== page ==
JESS: Thank you for the work you do because it’s dangerous work and you are saving lives. Can you talk about some of the programmatic elements. People here in the US hear about school feeding programs. How does that fit into it? And I would like you to give a description of WFP’s role in the logistics piece which I find fascinating and I don’t think people understand WFP’s role.

Jacques David: Regarding this Ebola response, we distribute food, that’s the main operation. But besides, we also have further developed our school feeding program because we realized that it’s really important to address the several needs of the whole community to gain trust and show that we are not there just because of Ebola but also because we really care about the holistic approach and point of view and we really recognize that there are also other important needs in addition to the Ebola situation.

So, we are supporting four times more schools than last year we’re reaching to 100 schools and we’re going to go beyond that most probably. It’s a great support for the children as they can eat at least once per day and they can attend the course in a more focused way.

Regarding the logistic aspect, WFP’s expertise and huge capacities are very well known. So, we provide the humanitarian community with warehouses, with trucks, with camps to host the medical and humanitarian staff in some Ebola hotspots. And we are really offering a huge logistical support. Logistics is something that people don’t usually see but it’s an essential for any humanitarian operation: without that, nothing can be implemented on the spot.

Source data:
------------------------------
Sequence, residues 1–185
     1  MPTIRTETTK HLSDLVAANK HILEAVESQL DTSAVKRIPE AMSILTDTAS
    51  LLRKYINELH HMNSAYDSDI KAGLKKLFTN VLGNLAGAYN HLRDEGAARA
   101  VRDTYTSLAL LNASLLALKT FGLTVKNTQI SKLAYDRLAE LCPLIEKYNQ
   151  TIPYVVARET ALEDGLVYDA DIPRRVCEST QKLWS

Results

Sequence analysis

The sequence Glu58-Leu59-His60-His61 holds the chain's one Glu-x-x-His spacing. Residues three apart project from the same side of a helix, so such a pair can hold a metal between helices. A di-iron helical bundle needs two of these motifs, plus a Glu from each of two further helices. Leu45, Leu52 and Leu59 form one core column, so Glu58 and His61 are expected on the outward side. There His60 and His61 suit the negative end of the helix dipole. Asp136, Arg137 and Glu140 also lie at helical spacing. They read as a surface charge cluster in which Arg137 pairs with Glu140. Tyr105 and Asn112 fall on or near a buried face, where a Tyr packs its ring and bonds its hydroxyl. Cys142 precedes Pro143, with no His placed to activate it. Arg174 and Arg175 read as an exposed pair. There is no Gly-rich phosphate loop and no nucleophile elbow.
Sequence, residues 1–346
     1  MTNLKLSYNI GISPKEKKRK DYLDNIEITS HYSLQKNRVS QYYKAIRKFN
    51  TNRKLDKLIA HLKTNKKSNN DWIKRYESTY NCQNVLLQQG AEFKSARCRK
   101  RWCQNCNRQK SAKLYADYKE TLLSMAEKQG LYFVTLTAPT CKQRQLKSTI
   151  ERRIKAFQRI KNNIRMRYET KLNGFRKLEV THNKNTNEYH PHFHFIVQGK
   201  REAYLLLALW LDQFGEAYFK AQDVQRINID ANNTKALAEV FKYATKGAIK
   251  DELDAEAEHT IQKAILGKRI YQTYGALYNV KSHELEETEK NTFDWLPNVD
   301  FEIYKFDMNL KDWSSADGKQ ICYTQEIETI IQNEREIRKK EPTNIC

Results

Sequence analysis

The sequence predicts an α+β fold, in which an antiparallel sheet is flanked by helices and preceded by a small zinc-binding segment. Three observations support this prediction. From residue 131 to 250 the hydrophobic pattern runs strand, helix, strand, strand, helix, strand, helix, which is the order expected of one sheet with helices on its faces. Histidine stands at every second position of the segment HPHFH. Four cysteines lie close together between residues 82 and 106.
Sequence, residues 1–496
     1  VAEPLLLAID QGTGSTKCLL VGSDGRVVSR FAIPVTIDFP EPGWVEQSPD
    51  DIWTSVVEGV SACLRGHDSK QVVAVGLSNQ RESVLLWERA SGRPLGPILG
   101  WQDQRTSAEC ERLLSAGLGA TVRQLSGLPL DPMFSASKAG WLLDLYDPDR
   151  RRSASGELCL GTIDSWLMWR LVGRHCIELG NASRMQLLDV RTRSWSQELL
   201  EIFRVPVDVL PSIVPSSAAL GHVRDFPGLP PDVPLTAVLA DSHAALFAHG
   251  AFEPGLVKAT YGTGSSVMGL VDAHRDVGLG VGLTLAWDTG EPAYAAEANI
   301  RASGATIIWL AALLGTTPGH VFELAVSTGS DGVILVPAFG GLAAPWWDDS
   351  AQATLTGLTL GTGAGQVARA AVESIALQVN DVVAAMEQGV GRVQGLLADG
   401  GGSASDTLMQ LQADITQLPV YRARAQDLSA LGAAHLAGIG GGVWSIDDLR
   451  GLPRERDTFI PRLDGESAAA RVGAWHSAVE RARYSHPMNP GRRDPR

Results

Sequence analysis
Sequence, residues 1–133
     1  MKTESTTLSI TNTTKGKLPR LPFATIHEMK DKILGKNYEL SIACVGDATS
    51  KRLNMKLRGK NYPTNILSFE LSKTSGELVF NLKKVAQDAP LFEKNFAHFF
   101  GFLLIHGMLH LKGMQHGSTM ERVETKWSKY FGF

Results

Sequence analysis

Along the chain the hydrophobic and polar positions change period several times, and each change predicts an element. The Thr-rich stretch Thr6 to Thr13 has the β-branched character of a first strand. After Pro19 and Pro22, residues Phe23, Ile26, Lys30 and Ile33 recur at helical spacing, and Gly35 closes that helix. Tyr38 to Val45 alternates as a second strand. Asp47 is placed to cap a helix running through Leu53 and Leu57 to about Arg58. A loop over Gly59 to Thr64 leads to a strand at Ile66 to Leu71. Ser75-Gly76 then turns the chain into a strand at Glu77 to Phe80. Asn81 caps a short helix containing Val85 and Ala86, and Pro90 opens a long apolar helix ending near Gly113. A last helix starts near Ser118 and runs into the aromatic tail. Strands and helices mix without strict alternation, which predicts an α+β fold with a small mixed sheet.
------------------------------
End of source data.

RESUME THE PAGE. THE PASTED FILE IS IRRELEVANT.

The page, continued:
Jessamyn Sarmiento: As you know, most of our audience is based in the United States. So, what can you tell the listeners about why people here in the U.S. should care about a crisis that’s happening so far away?

Jacques David: Well first of all the U.S. is a country with great values and so many American people are very watchful about the respect of human dignity, wherever in the world it can threatened, and I think it’s the first reason to care about this crisis.

Well, people here are facing this epidemic and it’s really causing collective trauma. It killed more than 2,000 people and even when there’s an Ebola survivor, you can be sure that several other people in his family has died – so it’s really needed to do something to alleviate the suffering of the people here

The other reason is that there’s a risk the virus can spread to DRC’s bordering countries… and DRC is a huge country actually, which is why the World Health Organization has called this outbreak an international health crisis.